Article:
In early recovery it is important to be mindful of people, places, and things that we relate to drinking.
Walking into to a bar to ‘hang out with friends’ can be a set up for disaster. Visiting friends with whom you used to share a few cocktails may not be a great idea either.
My sobriety date is in September. That first Halloween was difficult. The tradition in my neighborhood is to have treats for the children and a ‘treat’ for the parents. As I made my rounds in the past, I would stop and chat with a neighbor over a glass of wine. The next neighbor would have blended drinks mixed up, and so on throughout the neighborhood. Halloween was a great big party for the adults.
Halloween was one of the “things” I related to drinking. I have children, so I could not simply stay away from Halloween. “Sorry kids, mommy just can’t handle Halloween this year,” would not have gone over too well, nor would it have been fair to them. I had to figure out a way to walk them through the neighborhood and decline alcohol.
Here are some tactics we can use to decline a drink without telling someone your whole life story or disclosing that you are in recovery:
- Tell them that you have developed an allergy to alcohol.
- Say that you are on medication and cannot mix it with alcohol.
- You can tell them that you have already had enough to drink (isn’t this true that we have had quite enough by the time we are in recovery?)
- Simply say “no, thank you.” We do not always have to give a reason why we do not want a drink.
- You can say that you quit drinking.
In certain situations, we may feel awkward without a drink in our hand when everyone around us is drinking. If you have a wedding or a celebration to attend, it may be helpful to have a tonic and lime, or some kind of non-alcoholic beverage that you can hold in your hand and sip. This has worked for many people in recovery. No one has to even know what you are drinking, and this tactic may aid in feeling more comfortable about not being able to drink anymore.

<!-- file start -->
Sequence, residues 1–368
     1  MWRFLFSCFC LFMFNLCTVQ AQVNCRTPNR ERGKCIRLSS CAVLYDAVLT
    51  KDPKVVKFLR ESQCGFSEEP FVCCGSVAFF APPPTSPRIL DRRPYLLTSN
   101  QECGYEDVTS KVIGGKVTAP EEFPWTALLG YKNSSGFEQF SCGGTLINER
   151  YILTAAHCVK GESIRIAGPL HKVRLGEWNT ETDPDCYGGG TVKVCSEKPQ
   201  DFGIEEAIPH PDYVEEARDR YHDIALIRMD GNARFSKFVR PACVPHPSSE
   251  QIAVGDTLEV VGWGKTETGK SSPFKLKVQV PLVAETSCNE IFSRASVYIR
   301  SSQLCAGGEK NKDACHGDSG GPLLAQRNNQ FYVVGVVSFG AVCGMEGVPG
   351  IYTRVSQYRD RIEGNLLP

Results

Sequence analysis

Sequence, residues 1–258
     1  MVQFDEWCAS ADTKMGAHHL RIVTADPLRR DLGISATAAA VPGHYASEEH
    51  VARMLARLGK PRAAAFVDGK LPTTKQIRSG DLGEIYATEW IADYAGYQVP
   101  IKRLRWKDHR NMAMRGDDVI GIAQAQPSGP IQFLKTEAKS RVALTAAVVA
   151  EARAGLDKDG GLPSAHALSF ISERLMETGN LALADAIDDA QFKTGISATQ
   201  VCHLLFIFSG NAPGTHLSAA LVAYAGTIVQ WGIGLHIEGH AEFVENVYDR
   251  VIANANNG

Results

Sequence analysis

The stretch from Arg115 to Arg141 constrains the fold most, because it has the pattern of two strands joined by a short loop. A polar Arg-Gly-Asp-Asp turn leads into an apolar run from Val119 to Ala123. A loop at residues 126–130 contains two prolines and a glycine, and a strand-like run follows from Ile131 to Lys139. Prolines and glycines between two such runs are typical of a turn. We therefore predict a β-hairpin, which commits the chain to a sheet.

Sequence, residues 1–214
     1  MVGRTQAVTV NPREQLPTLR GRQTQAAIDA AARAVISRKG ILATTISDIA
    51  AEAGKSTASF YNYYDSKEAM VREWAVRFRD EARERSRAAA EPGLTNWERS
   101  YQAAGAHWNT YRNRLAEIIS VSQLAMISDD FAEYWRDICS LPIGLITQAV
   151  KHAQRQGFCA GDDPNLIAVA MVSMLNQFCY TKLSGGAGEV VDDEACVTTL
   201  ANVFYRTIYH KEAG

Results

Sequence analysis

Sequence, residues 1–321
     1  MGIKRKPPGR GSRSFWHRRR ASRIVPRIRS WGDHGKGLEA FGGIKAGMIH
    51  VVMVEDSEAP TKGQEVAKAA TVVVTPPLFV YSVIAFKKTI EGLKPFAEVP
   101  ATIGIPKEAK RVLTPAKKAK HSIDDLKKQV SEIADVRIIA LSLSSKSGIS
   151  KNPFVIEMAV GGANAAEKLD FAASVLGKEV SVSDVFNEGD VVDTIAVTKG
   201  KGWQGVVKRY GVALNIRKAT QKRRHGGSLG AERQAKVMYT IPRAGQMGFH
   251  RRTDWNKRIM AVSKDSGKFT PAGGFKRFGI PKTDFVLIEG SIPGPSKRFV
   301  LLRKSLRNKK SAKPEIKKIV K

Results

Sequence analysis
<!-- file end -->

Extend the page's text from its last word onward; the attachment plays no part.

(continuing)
My world was all about drinking, so drinkers were my main group of friends. When I stopped drinking, I slowly came to realize that not everyone drinks. When I visited family in Italy in my drinking days, I thought everyone drank. With every meal there was wine. At the pizzerias we drank beer. There were nightcaps at night, and every café offered liquor that could be added into your espresso or cappuccino. I went back to Italy a few years ago, and to be honest, I was a little bit nervous, even with years of sobriety under my belt. I hadn’t seen my cousins in years, and last time I did, we drank together. I was not quite sure how I would handle the situation.
With sober eyes and a clear mind, one of the first things that I realized when I was in Italy is that not everyone drinks as much as I thought they did.
As a matter of fact, they hardly drink at all! I was the one who was the big drinker, and my cousins didn’t question me when I simply told them that I do not drink anymore. I think they were glad.
There is no magic answer in how to handle situations where there will be alcohol. Honesty with yourself is the best solution. If you feel wary about going someplace where there will be alcohol, listen to your intuition and do not go. We do not have to do anything that we do not feel comfortable doing. If you would feel worse not going (for example, if the event involves a sibling or your child), take someone in recovery with you. Looking back at my first sober Halloween, I am sure that if I had asked a family member or a friend to take my children out trick-or-treating, they would have. I did not have to put myself through that agony.
Remember, it does get easier with time. Those first few years I thought that the entire world drank. I had no idea how I would get through my life without drinking.
The thought of people drinking right in front of me made my stomach flop. Those days seem like a lifetime away now. All great changes happen one minute, one hour, one day at time.